Why are there so many visibly angry persons within Canada and elsewhere? Most people occasionally get upset; it is human nature, but not to the extent that we are witnessing during these turbulent times.
One only has to view cable news, go online, or wander onto other “supposedly-truthful” news sources and one will soon come upon an opinion being stated. It then becomes our prerogative to decide to believe that statement — or not. (Example: President Biden won the 2020 presidential election in the USA. Millions of people vehemently believe Biden did not win; they are convinced that the presidency was stolen from Trump. Who is being truthful?)
Everyone sometimes lies; some more than others. The onus is upon us to decide what are the accurate facts. In these times of fake news, conspiracy theories, political misinformation, cyberspace untruths or businesses’ commercial goals; we need to question almost all that we are being presented. The harsh reality is that false narratives are intended to stir our quicker-to-react emotions rather than our slower-to-engage intellects.
The minister of propaganda for the Nazi German government of the Third Reich, Joseph Goebbels, knew the consequences of repeating falsehoods. Goebbels believed “if you tell a lie big enough and keep repeating it, people will eventually come to believe it.” Propaganda machines are notorious for presenting misinformation to gullible recipients for the advancement of a cause and/or retention of power.
When we fast-forward past the horrific events of the 1930’s and 40’s to our present, we encounter common practices of the lie-philosophies too frequently, appearing within areas such as political organizations, corporate activities, race-related topics, diversity concerns and religious beliefs.
As we move further into the 21st century I believe that more people will have increased financial and psychological worries, hence the levels of anger will swell. People are being left behind economically and subjected to inequalities which are fueling expanded resentments. When segments of our society are being mistreated or perceived as being dangerous, the consequences of such ill regard for others becomes a surefire formula for fear, anger and societal upheavals.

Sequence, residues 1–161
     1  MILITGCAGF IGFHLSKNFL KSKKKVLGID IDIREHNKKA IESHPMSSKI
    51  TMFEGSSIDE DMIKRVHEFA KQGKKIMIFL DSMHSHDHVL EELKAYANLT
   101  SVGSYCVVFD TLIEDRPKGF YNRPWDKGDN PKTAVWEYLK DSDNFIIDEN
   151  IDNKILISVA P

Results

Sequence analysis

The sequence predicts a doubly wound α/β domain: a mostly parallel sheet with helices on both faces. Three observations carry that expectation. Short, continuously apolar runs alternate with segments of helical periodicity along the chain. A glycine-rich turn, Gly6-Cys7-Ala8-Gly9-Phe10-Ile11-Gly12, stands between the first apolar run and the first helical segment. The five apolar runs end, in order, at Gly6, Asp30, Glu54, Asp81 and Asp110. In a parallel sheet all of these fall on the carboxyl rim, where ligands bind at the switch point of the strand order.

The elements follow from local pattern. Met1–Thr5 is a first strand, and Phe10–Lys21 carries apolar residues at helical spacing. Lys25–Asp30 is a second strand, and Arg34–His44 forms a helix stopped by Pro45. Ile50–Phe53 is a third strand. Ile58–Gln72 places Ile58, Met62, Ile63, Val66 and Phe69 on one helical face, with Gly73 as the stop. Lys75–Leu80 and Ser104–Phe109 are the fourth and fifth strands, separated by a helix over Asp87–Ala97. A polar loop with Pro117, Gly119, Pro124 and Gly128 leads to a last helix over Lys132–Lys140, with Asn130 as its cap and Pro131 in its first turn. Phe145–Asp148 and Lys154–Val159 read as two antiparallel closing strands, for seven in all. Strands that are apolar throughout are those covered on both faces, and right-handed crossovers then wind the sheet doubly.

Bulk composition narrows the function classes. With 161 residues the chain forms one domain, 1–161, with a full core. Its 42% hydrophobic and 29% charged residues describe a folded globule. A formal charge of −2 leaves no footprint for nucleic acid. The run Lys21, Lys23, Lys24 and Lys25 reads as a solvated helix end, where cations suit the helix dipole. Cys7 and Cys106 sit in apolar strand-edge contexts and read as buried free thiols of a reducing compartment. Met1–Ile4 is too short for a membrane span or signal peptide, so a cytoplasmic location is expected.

People need — and expect to have — safe communities, nutritious food, suitable essential services, sufficient health care, appropriate educational opportunities and adequate incomes, along with efficient infrastructure sectors such as sewers, water, highways and community developments. Those expectations, when lumped together, appear highly challenging, but when taken in manageable portions and worked upon by their stakeholders in a spirit of compromise and enhanced by transparent, constructive and truthful discussions; I firmly believe that the levels of anger will dissipate.
The qualities of our governments are also causing resentments; people expect elected politicians to give us the care and protection that we have been led to assume will be available and for which we have contributed tax dollars. I am not naive to believe that all governments are perfect, quite the contrary; I have seen too many poor governments but as the saying goes: “democracy is the worst form of government, except for all the others.”
The one certainty that I have come to believe is that when something or someone is being demonized or promoted as the greatest ever, then that subject should be challenged for its dishonesty. What we emphatically must guard against are the deceits, the lies that are so prevalent.
The dark underworld of falsehoods and conspiracies needs to be challenged with reasoned arguments. If we accept all the information that we are being fed as being factual and cease to examine its source or intent, I fear that our mutual day of reckoning looms large with unimaginable consequences.
Ray Bates, Guysborough (Sedabooktook: harbour running far back), a former school principal and Nova Scotia Community College Truro Campus faculty member (Ret’d), has been contributing his opinions to newspapers since 1998. email@example.com
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